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The Writing sections of the SAT and ACT are a bit of a mystery to students. What exactly does the Writing section entail, and what role do Writing scores play in the college admissions process? Read on to learn the ins and outs of the SAT and the ACT Writing sections!
In January 2021, the College Board announced that they will be discountinuing the optional SAT essay section after the June 2021 administration.
What are the differences between the SAT and the ACT Writing sections?
The table below provides basic comparative information about the SAT and the ACT Writing sections.
50 minutes for the essay
Essay scored by two readers, each reader giving it a score ranging between 1 and 4 in three categories: Reading, analysis, and writing.
Essays are scored on four domains: Ideas & Analysis, Development & Support, Organization, and Language Use & Convention. Each reader gives the essay a score ranging between 1 and 6. The two scores are added together to get a student's sub-score for each domain, which can range between 2 and 12. The final score is calculated from the domain scores and ranges between 1 and 36.
The essay prompts present 3 perspectives on an issue, and students are asked to evaluate the perspectives; to state their own perspectives; and to elaborate on the relationships among the perspectives. As a whole, the essay calls upon tools of expository writing, evaluative argument and rhetorical analysis.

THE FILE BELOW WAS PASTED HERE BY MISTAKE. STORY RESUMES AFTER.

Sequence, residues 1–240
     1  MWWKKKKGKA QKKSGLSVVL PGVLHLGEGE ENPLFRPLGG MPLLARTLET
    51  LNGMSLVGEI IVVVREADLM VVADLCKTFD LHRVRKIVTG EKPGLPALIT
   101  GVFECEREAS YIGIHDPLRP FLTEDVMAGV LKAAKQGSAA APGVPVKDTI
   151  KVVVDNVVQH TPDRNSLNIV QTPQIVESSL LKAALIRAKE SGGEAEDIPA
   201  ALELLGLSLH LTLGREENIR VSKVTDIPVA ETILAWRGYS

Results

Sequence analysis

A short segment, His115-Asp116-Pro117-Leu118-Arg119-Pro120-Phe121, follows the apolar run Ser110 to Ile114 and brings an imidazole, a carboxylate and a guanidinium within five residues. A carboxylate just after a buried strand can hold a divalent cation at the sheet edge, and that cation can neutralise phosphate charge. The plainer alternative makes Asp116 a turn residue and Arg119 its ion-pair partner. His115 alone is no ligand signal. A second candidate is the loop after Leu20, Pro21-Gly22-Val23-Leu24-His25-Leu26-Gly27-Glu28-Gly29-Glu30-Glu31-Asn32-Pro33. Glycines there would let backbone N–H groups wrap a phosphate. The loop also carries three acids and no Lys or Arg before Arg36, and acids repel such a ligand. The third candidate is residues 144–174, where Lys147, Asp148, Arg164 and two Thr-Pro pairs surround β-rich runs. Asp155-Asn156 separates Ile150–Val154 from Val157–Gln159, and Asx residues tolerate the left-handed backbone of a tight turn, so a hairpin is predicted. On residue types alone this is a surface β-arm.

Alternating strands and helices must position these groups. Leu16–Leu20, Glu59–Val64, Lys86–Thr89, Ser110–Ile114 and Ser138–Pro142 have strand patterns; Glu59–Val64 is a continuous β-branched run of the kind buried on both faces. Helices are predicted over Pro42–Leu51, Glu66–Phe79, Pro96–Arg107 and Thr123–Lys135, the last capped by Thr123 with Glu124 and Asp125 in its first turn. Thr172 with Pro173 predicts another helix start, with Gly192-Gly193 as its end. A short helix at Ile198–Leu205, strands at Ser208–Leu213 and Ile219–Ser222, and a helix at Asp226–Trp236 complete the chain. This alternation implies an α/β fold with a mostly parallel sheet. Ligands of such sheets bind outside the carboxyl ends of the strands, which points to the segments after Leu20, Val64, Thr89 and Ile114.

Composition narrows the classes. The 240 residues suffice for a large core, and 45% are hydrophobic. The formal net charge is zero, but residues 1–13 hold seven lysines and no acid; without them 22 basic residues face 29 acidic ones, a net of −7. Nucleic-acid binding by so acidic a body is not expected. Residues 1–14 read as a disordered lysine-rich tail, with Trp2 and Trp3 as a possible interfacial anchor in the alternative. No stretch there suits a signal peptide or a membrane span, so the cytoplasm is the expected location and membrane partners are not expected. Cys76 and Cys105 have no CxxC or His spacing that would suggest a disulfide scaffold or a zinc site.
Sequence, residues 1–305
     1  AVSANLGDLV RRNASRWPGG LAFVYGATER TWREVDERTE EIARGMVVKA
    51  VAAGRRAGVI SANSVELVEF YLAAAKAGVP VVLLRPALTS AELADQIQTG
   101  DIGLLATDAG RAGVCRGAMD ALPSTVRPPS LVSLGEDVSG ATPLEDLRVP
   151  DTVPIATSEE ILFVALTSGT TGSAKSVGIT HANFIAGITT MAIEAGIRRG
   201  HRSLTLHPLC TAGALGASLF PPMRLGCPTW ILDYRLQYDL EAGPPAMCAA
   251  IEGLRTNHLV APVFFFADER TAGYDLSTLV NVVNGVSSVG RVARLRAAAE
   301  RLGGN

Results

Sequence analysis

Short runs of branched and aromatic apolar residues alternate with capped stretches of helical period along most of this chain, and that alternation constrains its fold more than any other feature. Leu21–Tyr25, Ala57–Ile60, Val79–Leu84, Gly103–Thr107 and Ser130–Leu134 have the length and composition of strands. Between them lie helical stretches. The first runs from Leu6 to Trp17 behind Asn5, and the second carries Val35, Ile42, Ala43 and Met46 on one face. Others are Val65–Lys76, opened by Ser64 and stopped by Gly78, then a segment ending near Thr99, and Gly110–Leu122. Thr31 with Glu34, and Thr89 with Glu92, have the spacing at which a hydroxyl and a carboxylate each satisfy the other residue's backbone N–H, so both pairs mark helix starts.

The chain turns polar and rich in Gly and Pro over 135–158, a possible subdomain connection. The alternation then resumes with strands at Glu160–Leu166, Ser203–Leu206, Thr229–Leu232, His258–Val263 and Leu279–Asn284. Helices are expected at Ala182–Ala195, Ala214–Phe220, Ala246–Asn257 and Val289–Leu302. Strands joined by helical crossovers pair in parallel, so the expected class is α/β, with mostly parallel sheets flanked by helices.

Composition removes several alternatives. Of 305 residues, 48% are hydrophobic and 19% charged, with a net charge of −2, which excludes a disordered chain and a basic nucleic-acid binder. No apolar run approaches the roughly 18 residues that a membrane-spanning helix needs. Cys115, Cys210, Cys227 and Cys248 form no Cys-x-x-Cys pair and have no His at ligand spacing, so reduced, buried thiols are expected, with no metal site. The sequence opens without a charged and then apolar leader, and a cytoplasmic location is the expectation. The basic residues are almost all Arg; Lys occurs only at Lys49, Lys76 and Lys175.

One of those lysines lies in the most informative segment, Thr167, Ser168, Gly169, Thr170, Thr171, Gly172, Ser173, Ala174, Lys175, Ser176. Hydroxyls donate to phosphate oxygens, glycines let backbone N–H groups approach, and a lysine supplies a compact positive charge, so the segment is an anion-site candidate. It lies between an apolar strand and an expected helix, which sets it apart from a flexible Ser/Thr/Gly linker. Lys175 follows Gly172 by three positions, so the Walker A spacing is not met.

The Writing section is optional. Should my child take it?
Before making this decision, check the testing requirements for the colleges to which your child will apply. Many colleges require or recommend that applicants take the tests with Writing. If that is the case, it's definitely in your child's best interest to register for and to take the Writing test.
If you're not yet sure which colleges your child will apply to, the best approach may not be clear. We suggest that all students register to take the SAT and ACT Writing test. Because a student cannot take the Writing test by itself, it's probably best to at least register for it. That way, if you realize that the colleges to which your child will apply require this portion of the test, he or she will already be registered for it. Additionally, a student can drop the Writing portion of the test up to a few days before the test date and a receive a refund if it's later determined that the student does not need to take the Writing portion.
How do colleges use Writing scores during the admissions process?
Unfortunately, this question does not have a simple answer. Each individual college determines exactly how it uses SAT and ACT Writing scores during the admissions process. Some colleges use the scores for admissions purposes. Other colleges use the scores for placement purposes. Still other colleges have elected not to consider Writing scores at all.
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